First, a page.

MEET OUR DVC RESEARCH, INNOVATIONS, CONSULTANCY AND EXTENSIONS
By Prisca Adaeze Nenger and Bogere Stuart
The place of research and innovation cannot be underestimated or overemphasized in any institution of higher learning globally; research being an inquiry from the known to the unknown and innovation being a continuous advancement in the same vein. And at Kampala International University (KIU), in a bid to continue with our mandate of exploring the heights, we do not take for granted the place of research, innovation, consultancy and extensions.
As part of his mandate, our Deputy Vice-chancellor Research, Innovations Consultancy and Extensions (DVC-RICE), Associate Professor Chukwuemeka Jude Diji, has taken up the mantle to lead the drive of research and innovations at KIU.
Associate Prof. Diji obtained a PhD in Mechanical Engineering from the University of Ibadan in 2008, Masters of Science degree (MSc) in Mechanical Engineering from the University of Ibadan in 1997 and a Bachelors of Science (B.Sc) from the Obafemi Awolowo University (Formerly University of Ife) in 1987. He has a professional postgraduate qualifying Diploma in Management Consultancy practice and Organizational Transformation of the International Professional Managers Association (IPMA – UK).
He is the Chairman of the African Research Council on Sustainable Development (ARSCD) and Professional Research Council Member of the International Institute for Policy Review and Development Strategies (IIPRDS) and immediate past Head of Department of Mechanical Engineering of the University of Ibadan, Nigeria (2015 – 2017). He is an African Climate Leadership Fellow (2018 – 2020) and currently an Associate Professor of Mechanical Engineering and Deputy Vice – chancellor for Research, Innovation, Consultancy and Extension (DVC–RICE) here at Kampala International University, Kampala, Uganda.
Prior to his joining KIU, Associate Prof. Diji has received several awards of excellence locally and internationally, owing to his outstanding leadership capacities. In 1994, He was awarded the Nigerian Society of Engineers (NSE) price for contribution to Engineering in Nigeria, as part of the process of registration as a certified professional engineer with NSE/COREN and at the completion of his doctoral studies in January 2008 received the University of Ibadan postgraduate school award for the best outstanding PhD thesis for the 2007/2008 academic session. As part of his post – doctoral studies, he received two major fellowships from the John D. and Catherine T. MacArthur Foundation; the first was in January, 2010 for specialized academic linkage at the Centre for Study in Renewable and Sustainable Energy (CSRSE) at the University of Botswana, Gaborone, while the second was for Staff training and research capacity building at the Southern Illinois University Edwardsville (SIUE), USA from March – May, 2011.
He is a member of the Nigerian Society of Engineers, the Nigerian Institution of Mechanical Engineers, the Automobile Engineers’ Institute and registered engineer with the Council for the Regulation of Engineering in Nigeria (COREN). He is also a member of the Nigerian Economic Society (NES), the National/International Association of Energy Economics, as well as a member of the African Round Table on Sustainable Consumption and Production (ARSCP), an arm of the United Nations Environment Programme (UNEP). He is also a Certified International Professional Manager (CIPM) of the International Professional Managers Association (IPMA – UK).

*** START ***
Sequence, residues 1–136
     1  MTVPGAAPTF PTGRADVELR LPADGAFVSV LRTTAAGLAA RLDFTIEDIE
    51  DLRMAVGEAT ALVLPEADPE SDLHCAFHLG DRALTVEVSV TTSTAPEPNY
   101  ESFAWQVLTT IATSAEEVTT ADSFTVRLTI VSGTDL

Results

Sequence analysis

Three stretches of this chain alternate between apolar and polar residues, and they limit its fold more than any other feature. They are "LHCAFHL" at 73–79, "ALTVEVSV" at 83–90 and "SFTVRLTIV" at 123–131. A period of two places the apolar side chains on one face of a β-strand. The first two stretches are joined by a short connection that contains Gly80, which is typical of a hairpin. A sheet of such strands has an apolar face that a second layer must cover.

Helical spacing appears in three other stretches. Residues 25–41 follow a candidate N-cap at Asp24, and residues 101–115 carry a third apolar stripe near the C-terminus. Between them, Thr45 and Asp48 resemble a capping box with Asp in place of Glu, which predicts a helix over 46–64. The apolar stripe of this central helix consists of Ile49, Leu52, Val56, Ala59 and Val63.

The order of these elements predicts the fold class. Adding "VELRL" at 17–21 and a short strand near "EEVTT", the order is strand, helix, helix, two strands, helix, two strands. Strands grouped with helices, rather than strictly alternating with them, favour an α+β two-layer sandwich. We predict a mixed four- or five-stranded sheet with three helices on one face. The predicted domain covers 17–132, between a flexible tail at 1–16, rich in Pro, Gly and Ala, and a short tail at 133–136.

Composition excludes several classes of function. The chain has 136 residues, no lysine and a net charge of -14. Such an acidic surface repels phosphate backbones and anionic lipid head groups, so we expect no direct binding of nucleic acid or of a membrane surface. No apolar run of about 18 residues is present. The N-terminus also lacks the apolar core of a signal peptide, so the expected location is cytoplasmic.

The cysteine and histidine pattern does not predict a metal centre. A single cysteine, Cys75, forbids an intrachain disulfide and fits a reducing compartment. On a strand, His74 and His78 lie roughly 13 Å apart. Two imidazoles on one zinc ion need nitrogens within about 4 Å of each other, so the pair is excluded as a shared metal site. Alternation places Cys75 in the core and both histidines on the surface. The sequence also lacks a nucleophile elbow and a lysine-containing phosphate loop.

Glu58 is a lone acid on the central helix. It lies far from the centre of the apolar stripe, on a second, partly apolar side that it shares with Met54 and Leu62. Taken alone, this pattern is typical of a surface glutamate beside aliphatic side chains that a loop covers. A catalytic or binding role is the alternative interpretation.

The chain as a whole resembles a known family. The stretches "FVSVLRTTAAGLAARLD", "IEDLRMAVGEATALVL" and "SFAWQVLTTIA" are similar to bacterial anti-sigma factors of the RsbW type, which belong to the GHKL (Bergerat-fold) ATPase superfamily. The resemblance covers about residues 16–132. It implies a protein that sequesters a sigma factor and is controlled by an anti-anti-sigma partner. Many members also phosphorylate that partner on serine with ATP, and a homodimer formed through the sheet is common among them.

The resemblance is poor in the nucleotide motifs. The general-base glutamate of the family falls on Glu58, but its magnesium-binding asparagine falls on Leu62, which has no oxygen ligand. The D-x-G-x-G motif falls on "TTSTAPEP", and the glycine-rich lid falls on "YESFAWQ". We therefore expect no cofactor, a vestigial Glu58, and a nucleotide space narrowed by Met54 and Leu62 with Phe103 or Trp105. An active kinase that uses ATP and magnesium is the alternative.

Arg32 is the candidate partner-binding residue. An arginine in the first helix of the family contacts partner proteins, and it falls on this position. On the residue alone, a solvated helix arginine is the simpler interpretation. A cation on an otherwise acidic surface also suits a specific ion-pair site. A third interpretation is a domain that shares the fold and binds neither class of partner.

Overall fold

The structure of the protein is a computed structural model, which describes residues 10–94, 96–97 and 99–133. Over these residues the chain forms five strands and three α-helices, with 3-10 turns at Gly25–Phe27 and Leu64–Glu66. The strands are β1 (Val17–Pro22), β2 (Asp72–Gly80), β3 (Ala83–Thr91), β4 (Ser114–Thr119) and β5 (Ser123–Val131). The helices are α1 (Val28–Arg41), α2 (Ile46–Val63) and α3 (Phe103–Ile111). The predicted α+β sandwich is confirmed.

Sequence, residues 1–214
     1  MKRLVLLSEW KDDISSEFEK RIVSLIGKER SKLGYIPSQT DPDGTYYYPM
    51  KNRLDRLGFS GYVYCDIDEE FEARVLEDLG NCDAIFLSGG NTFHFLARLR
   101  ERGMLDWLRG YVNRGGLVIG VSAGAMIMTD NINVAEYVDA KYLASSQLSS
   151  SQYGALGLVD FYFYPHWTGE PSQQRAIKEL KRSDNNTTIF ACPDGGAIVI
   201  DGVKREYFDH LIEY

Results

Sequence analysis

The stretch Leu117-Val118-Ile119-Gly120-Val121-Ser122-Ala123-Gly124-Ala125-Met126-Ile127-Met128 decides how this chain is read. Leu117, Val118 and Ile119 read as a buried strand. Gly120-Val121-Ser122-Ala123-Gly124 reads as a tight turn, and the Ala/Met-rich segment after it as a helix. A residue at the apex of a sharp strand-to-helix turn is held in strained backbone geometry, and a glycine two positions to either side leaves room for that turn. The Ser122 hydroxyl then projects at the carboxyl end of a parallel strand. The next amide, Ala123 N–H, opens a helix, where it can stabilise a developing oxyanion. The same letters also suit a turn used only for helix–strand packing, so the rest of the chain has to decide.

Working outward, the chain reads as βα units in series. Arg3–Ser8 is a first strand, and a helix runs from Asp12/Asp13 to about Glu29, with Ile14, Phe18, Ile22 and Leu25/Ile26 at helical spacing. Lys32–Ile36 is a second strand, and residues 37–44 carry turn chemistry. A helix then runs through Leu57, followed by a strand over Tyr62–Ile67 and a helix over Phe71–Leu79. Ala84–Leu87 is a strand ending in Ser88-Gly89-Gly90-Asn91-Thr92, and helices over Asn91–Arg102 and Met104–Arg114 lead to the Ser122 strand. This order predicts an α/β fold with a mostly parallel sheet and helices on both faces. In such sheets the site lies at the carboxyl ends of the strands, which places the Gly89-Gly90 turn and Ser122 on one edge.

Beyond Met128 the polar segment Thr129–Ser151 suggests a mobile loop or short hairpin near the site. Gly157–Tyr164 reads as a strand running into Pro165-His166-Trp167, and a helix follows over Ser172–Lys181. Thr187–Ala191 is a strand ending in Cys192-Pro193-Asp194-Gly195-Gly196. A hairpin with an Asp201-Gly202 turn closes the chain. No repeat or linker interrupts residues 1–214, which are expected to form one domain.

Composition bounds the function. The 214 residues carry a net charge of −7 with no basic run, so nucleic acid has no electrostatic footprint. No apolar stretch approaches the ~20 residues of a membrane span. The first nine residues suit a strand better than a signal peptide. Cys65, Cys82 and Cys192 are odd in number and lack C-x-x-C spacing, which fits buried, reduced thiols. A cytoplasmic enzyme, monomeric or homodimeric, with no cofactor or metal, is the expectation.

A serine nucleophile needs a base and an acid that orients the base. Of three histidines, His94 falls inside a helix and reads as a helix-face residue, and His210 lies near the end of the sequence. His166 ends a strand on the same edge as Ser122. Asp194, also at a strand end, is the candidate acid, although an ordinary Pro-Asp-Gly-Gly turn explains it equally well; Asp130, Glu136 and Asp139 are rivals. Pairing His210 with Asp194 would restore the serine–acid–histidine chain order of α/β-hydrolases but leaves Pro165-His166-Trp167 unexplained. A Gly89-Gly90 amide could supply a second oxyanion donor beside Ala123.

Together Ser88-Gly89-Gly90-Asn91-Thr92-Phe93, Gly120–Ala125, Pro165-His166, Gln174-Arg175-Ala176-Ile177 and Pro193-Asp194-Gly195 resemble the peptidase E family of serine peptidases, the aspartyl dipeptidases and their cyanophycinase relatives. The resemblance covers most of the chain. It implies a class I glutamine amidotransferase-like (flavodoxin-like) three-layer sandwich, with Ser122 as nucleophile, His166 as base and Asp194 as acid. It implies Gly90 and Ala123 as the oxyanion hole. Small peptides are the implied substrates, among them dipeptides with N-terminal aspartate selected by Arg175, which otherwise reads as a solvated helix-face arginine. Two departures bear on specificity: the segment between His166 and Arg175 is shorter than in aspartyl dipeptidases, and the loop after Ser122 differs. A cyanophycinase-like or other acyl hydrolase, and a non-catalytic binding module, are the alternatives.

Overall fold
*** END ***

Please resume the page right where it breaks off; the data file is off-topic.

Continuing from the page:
In March, 2019, He served as an Expert Reviewer for the Climate Research for Development (CR4D) research grant applications to strengthen link between climate science research and climate information needs to support development in Africa The programme is an initiative of the African Academy of Science (AAS), the UK Department of International Development (DFID), Weather and Climate Information Services for Africa (WISER) and the African Climate policy Centre (ACPC) of the United Nations Economic Commission for Africa (UNECA). Also in May, 2019, he was appointed as nominated Expert on the roaster of experts of the United Nations Framework Convention on climate change (UNFCCC).
In the area of biomedical engineering, he served as an external reviewer for National institute of Health (NIH) mentored research grants programme, Building Research and Innovation in Nigeria Science (BRAINS), for mentoring Junior faculties of the college of Medicine, University of Lagos, in collaboration with Northwestern University, Harvard University and APIN for the period 2015 – 2020. The grant is from the Department of Health & Human Services, NIH, Forgarty International Centre, ID43TW010134-01 and for a brief period served as Co – Principal Investigator, “NEST 360 – Scaling up a Neonatal Intervention Package” (January – August ,2019). The research involves scientific inquiry related to Newborn Essential Solution and Technology (NEST) to reduce newborn mortality in Malawi, Kenya, Tanzania and Nigeria. The project is funded by the MacArthur Foundation, the Bill & Melinda Gate Foundation, ELMA Philanthropies and the Children Investment Fund. The research is led by the William Marsh Rice University, Houston, TX, USA under the sponsored research agreement no. RO304.